Four Tet (real name Kieran Hebden) is a genius. How do I know that?
Well, for one, I’ve heard his music. From his early down-tempo “folktronica” jams to the house-clangers he makes now, he has always been one for reinvention and progression. He doesn’t stick to the rules—he hasn’t had his music mastered since 2010—and he doesn’t play genre games. Four Tet always seems to be striving to mix something perfectly accessible and melodic into the weird world of electronic music.
Two, the whole “Four Tet is Burial” thing is itself a massive compliment, even as a joke. For those who need some background here, Burial is a highly revered British producer who was formerly anonymous. Some people thought he was Four Tet, and the joke came back last year via Twitter.
And three, I’ve now gotten to see him work his magic live, and it certainly lived up to the hype.
The March 7 show at Los Angeles’ Echoplex began with an energetic warmup set from Nobody, a disc jockey who is part of the Alpha Pup roster and member of the usual Low End Theory crew. While I only got to hear the last half of his set, choice cuts from DJ Rashad and crowd-pleaser Jai Paul got the crowd moving, preparing them for the (almost) relentless four-to-the-floor pounding.
Next up was Anthony Naples, whose vinyl-only set absolutely blew me away. The Brooklyn DJ has been on the house scene’s radar for about two years now, having released incredible cuts of dusty “outsider house” (an extremely contested term, but at this point practically synonymous with Naples) on highly respected labels like Mister Saturday Night and The Trilogy Tapes.
Fortunately, he didn’t change his sound much to fit with the higher-profile nature of this tour, dropping jam after jam of that analogue, messy house that’s defined the New York scene for the past few years. Keeping the energy level high, his set was certainly not one for subtlety, but it made sense given the specifically “concert” vibe of the whole night. No one, especially Naples, was about to mistake the Echoplex for a club where nuanced vibes can be explored.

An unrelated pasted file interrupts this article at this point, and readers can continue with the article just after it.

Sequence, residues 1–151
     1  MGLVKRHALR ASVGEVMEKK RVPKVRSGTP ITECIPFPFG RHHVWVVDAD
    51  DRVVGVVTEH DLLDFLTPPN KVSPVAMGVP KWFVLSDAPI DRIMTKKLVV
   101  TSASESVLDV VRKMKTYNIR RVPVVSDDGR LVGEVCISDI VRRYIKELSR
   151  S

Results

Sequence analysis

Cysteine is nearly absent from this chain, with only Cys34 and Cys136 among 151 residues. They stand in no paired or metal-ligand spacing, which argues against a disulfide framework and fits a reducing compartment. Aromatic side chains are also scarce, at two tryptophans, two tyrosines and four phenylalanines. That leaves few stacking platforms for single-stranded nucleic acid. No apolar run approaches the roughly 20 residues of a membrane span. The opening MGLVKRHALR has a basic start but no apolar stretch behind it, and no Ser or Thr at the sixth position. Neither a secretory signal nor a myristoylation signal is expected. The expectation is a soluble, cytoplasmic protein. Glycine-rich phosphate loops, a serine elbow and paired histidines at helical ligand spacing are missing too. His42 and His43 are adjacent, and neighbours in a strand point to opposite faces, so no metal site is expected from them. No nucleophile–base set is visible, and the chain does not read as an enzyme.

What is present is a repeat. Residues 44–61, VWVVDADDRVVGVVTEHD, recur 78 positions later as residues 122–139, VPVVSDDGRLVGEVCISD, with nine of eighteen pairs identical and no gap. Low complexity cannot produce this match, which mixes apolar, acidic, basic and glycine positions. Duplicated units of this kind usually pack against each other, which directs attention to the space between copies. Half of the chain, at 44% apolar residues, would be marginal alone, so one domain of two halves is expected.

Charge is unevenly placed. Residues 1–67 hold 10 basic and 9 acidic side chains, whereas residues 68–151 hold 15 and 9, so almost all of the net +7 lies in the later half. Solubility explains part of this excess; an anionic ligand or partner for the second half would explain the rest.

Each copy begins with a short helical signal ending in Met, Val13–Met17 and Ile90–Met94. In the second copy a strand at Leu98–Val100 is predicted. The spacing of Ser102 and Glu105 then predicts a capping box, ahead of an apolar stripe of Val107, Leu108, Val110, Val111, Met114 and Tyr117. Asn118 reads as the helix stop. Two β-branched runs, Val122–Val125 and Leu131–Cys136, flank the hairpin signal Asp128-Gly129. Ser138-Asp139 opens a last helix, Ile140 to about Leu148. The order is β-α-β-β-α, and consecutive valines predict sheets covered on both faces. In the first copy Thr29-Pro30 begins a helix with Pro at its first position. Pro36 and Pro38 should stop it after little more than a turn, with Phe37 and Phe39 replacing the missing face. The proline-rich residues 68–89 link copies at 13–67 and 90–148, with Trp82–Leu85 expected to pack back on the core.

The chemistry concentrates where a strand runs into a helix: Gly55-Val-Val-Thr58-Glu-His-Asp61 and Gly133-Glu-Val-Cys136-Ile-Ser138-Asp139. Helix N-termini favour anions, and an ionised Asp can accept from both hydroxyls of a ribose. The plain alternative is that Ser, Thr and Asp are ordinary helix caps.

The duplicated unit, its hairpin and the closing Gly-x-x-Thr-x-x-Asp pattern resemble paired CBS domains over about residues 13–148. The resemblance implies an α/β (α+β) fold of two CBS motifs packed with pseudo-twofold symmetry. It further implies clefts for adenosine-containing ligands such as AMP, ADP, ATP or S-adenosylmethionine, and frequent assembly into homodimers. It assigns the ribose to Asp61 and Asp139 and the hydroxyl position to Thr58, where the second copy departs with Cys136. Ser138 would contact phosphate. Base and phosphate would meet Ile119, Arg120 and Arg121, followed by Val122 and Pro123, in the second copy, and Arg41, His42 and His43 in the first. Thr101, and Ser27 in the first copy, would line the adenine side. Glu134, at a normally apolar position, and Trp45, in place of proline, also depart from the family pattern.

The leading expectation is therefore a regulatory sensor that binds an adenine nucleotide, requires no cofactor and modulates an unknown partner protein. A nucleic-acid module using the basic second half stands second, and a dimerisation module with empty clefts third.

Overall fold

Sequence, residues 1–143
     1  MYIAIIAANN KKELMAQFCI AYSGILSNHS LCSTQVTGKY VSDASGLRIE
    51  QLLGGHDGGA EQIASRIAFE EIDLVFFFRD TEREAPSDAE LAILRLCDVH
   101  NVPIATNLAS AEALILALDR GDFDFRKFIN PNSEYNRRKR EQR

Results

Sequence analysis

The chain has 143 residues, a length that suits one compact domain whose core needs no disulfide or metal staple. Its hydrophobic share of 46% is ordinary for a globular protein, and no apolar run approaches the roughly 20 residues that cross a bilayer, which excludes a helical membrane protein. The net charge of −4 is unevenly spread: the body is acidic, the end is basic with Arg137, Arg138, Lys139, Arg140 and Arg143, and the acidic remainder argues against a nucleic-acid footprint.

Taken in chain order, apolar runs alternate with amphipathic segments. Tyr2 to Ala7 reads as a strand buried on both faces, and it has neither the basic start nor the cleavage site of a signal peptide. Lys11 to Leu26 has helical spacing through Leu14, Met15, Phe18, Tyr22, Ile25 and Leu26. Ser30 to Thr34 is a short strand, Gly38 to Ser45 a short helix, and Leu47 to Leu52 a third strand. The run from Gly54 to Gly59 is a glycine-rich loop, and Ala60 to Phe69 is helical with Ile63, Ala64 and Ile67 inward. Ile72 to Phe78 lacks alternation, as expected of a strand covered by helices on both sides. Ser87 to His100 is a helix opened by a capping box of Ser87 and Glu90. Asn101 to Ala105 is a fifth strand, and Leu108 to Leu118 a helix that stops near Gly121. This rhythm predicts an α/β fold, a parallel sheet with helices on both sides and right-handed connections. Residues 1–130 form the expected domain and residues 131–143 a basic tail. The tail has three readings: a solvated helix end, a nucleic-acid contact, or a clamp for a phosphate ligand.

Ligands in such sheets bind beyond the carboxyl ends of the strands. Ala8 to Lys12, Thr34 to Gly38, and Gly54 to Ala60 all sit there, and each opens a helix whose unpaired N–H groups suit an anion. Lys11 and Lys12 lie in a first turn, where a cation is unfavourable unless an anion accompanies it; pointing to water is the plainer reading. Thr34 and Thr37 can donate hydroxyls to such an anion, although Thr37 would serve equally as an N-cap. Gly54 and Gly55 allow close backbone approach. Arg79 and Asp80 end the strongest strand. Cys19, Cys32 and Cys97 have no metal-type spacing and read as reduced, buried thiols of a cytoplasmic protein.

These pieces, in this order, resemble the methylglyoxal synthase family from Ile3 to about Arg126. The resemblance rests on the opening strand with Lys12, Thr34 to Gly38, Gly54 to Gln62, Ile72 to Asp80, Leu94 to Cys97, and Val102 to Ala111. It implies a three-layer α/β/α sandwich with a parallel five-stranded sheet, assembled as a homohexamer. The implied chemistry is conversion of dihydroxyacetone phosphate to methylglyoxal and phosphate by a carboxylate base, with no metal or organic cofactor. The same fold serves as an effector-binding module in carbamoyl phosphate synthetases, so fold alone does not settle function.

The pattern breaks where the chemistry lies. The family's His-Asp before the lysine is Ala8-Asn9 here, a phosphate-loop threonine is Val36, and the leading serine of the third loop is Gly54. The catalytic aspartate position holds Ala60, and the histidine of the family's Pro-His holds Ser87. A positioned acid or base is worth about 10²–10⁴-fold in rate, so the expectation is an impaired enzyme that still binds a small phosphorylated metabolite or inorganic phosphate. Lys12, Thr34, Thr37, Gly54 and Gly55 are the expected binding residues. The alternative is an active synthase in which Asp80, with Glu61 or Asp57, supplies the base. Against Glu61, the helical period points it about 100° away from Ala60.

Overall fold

My personal highlight was getting to hear the breathy vocals of Galcher Lustwerk’s “Put On” on a properly massive sound system, as his “100% Lustwerk” tape was a defining 2013 release for me (and a free essential listen for any of you house fans).
Finally, Four Tet hit the stage with his sparse setup, consisting of a table with two laptops, a mixer, and a small controller for triggering one-shot samples. Being at the front of the crowd, I got to appreciate Hebden’s adorably teddy-bear-like visage as he prepared to take the extremely responsive crowd on a journey.
He began with an overtly teasing version of “Jupiters” from his 2012 album Pink, eventually dropping the kick drum and driving the crowd wild. From then on, he would pull back only enough to let us regain our breath before pummeling us again with his signature brand of lovingly crafted, sample-heavy house (that occasionally veers into proper techno territory).
The way he does a live set was itself fun to watch. While most DJs using Ableton might be tempted just to launch clip after clip, he manually blended them using a mixer, supplementing the tracks by using the second computer as a sample launcher and weird glitch machine. He made a live electronic set feel organic and human, just like he does with his music.
His set managed to cover a wide range of his tunes, even dropping “For These Times,” an extremely disorienting techno banger that was released on Nonplus’ Records compilation Think and Change last year. The highlight, though, was the one-two punch of Beautiful Rewind’s “Parallel Jalebi” and There Is Love In You’s “Love Cry,” a clear crowd favorite.
“Jalebi” had the crowd uneasily shifting and spazzing, and as Hebden slowed it down into glitch oblivion, you could tell something big was coming. As the massive kick drum started building back up in tempo, the hissing opening samples of “Love Cry” whipped the large mass of people into a frenzy.
When the set “ended,” some unceasing screams of “Kieran we love you!” managed to get him back out for an encore, a beautiful rendition of Pink’s “Locked.”
Hebden, being the gracious guy that he is, seemed genuinely surprised and unprepared for it, which made it feel at least a little special, even if it might be typical for tour-y concerts like this. The crowd would have been ready and willing for a second encore, but one felt good enough from someone so generous with his talent.
Gage Taylor PO ’16 is majoring in media studies and philosophy. He is the electronic music director for the 5C radio station KSPC.